Conclusion and Application

            For the most part, the way some view these seemingly veiled theories, there is great encouragement in understanding the end result: Salvation. Whether one believes in monergism or synergism, Calvinism or Arminianism, “we are all one in Christ Jesus (Gal. 3:28). My point is this: that everyone has different convictions and the way people read the ambiguous interpretations of some of the passages of Scripture makes little difference to God. What does make a difference is the fact that whether or not one has Jesus. “And this is the testimony: God has given us eternal life, and this life is in his Son. He who has the Son has life; he who does not have the Son of God does not have life” (NIV 1 Jn 5:11-12).
            Again we can turn to the book of Romans, and see that simple things such as doctrines and minor beliefs such as having weak faith do not really matter concerning salvation. “The man who eats everything must not look down on him who does not, and the man who does not eat everything must not condemn the man who does, for God has accepted him” (NIV 14:3; see also Romans 14:1-23). Since we are clearly not to judge other brothers and sisters in Christ because of their beliefs in small doctrines, what about larger matters, such as the doctrines of synergism and monergism?
            In the following passage, Paul is explaining that his prison stay is possibly longer and more terrible because people are preaching the Gospel in order to keep him in trouble more and longer: “It is true that some preach Christ out of envy and rivalry, but others out of goodwill. The latter do so in love, knowing that I am put here for the defense of the gospel. The former preach Christ out of selfish ambition, not sincerely, supposing that they can stir up trouble for me while I am in chains. But what does it matter? The important thing is that in every way, whether from false motives or true, Christ is preached. And because of this I rejoice” (NIV Php 1:15-18). As we can see, Paul rejoices even at the fact that pagans are preaching the Gospel of Christ. Even if they preach Christ out of rivalry, they are still spreading the Word. So then, the nature of grace, sin and free will, have a great place in theology, but as far as salvation is concerned, the logistics of salvation (whether one goes to God by free will, or whether God reveals Himself to us irresistibly; see John 14:6), one is still saved after confessing that Jesus is Lord and believing that God has raised Him from the dead (Romans 10:9-10). Whether one preaches Christ out of encouragement by those that are predestined, or if he would preach Christ because everyone has equal, free will, Christ is still preached, and there will always be people that for whatever reason turn down the Grace of God, or they will clutch the grace of God and recognize it, accept it, love and obey Him: “Submit yourselves, then, to God. Resist the devil, and he will flee from you. Come near to God and He will come near to you” (NIV Jas 4:7-8).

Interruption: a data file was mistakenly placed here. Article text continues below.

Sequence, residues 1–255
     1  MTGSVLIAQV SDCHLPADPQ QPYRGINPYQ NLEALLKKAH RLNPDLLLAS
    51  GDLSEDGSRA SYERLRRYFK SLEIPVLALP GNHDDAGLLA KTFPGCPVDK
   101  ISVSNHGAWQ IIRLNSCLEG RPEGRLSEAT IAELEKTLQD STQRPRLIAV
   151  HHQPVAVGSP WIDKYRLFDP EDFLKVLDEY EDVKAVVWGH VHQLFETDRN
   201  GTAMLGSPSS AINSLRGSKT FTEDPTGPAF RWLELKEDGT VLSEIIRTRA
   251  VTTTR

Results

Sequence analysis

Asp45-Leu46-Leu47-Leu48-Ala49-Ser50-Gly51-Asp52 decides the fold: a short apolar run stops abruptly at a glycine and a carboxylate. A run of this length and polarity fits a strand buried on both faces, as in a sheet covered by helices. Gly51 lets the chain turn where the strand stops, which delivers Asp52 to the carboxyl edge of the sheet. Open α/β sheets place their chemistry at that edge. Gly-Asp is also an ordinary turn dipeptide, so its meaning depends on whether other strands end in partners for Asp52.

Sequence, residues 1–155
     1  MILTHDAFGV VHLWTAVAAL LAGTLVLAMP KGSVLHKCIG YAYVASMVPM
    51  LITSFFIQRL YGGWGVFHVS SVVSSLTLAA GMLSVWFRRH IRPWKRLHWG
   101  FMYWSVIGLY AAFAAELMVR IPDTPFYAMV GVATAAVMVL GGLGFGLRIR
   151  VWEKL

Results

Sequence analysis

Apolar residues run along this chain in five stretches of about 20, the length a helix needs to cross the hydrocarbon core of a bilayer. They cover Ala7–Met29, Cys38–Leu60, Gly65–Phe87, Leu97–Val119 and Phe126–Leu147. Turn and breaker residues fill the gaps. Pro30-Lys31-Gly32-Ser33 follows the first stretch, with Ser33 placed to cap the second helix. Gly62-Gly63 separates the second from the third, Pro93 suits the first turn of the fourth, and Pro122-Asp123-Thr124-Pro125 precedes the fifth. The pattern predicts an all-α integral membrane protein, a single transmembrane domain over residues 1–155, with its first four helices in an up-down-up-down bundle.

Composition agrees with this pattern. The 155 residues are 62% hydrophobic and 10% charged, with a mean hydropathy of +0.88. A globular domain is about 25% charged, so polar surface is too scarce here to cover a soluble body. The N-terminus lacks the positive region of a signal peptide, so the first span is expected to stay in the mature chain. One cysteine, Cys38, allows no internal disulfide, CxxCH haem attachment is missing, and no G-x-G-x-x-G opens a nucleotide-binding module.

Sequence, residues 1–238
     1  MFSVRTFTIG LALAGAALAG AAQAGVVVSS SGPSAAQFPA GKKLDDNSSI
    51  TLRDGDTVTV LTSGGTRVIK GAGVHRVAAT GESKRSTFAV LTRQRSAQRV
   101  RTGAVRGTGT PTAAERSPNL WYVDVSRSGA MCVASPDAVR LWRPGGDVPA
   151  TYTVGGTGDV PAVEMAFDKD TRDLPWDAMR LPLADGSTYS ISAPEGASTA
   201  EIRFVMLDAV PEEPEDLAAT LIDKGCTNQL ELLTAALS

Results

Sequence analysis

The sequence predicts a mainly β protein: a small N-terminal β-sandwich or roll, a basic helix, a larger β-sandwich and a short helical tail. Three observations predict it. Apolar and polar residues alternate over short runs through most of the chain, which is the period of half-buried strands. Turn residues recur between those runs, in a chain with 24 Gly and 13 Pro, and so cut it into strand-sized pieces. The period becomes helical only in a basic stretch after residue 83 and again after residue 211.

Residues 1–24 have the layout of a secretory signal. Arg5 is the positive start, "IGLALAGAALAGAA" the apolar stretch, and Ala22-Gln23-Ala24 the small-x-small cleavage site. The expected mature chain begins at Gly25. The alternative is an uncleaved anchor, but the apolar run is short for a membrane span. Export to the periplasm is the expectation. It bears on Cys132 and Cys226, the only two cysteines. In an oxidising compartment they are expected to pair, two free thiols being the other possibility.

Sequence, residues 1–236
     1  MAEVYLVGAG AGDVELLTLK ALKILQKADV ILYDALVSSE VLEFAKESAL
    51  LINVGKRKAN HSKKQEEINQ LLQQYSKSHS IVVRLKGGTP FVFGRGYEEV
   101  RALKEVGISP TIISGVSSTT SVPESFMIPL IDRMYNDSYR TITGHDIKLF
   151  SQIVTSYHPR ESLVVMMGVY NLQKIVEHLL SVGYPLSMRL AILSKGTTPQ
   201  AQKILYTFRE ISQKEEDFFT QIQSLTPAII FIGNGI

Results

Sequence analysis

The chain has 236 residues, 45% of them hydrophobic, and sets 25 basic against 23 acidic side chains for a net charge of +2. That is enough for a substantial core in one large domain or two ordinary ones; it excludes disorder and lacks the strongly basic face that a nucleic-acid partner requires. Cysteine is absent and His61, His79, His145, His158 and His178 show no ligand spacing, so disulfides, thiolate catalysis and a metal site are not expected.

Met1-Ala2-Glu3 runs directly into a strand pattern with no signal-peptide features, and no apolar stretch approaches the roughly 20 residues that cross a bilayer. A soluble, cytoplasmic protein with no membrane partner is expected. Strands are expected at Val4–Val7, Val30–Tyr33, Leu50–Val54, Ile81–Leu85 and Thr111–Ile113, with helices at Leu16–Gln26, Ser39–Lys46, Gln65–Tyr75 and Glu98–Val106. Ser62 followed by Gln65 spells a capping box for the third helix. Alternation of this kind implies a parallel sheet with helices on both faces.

Written by Nace Howell through the grace of the Lord Jesus


Works Cited
            The Holy Bible: New International Version, electronic ed. (Grand Rapids: Zondervan, 1996, c1984).
            Robert H. Mounce, Romans, electronic ed., Logos Library System; The New American Commentary (Nashville: Broadman & Holman Publishers, 2001, c1995).
            Philip Schaff, The Nicene and Post-Nicene Fathers Vol. V (Oak Harbor: Logos Research Systems, 1997).
            Olson, Roger, The Story of Christian Theology: Twenty centuries of Tradition and Reform (Intervarsity Press, Downers Grove, IL 1999).